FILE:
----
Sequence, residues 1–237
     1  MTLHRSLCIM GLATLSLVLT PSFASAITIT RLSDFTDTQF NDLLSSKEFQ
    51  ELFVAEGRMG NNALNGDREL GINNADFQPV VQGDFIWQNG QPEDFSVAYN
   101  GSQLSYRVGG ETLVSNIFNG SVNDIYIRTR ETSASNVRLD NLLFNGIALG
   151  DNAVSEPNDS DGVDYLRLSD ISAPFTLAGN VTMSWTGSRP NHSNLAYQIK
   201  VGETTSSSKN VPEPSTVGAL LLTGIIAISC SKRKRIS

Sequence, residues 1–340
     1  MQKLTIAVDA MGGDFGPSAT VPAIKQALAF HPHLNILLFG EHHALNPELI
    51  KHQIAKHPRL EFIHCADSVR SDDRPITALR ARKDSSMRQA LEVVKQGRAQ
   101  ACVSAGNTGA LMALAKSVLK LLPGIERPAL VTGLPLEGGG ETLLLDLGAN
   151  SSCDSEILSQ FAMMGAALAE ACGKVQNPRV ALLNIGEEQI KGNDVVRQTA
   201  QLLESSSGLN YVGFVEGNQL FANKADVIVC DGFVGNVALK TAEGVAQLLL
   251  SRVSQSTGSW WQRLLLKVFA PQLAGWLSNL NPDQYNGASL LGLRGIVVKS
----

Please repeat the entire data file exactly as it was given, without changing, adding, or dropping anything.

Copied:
Sequence, residues 1–237
     1  MTLHRSLCIM GLATLSLVLT PSFASAITIT RLSDFTDTQF NDLLSSKEFQ
    51  ELFVAEGRMG NNALNGDREL GINNADFQPV VQGDFIWQNG QPEDFSVAYN
   101  GSQLSYRVGG ETLVSNIFNG SVNDIYIRTR ETSASNVRLD NLLFNGIALG
   151  DNAVSEPNDS DGVDYLRLSD ISAPFTLAGN VTMSWTGSRP NHSNLAYQIK
   201  VGETTSSSKN VPEPSTVGAL LLTGIIAISC SKRKRIS

Sequence, residues 1–340
     1  MQKLTIAVDA MGGDFGPSAT VPAIKQALAF HPHLNILLFG EHHALNPELI
    51  KHQIAKHPRL EFIHCADSVR SDDRPITALR ARKDSSMRQA LEVVKQGRAQ
   101  ACVSAGNTGA LMALAKSVLK LLPGIERPAL VTGLPLEGGG ETLLLDLGAN
   151  SSCDSEILSQ FAMMGAALAE ACGKVQNPRV ALLNIGEEQI KGNDVVRQTA
   201  QLLESSSGLN YVGFVEGNQL FANKADVIVC DGFVGNVALK TAEGVAQLLL
   251  SRVSQSTGSW WQRLLLKVFA PQLAGWLSNL NPDQYNGASL LGLRGIVVKS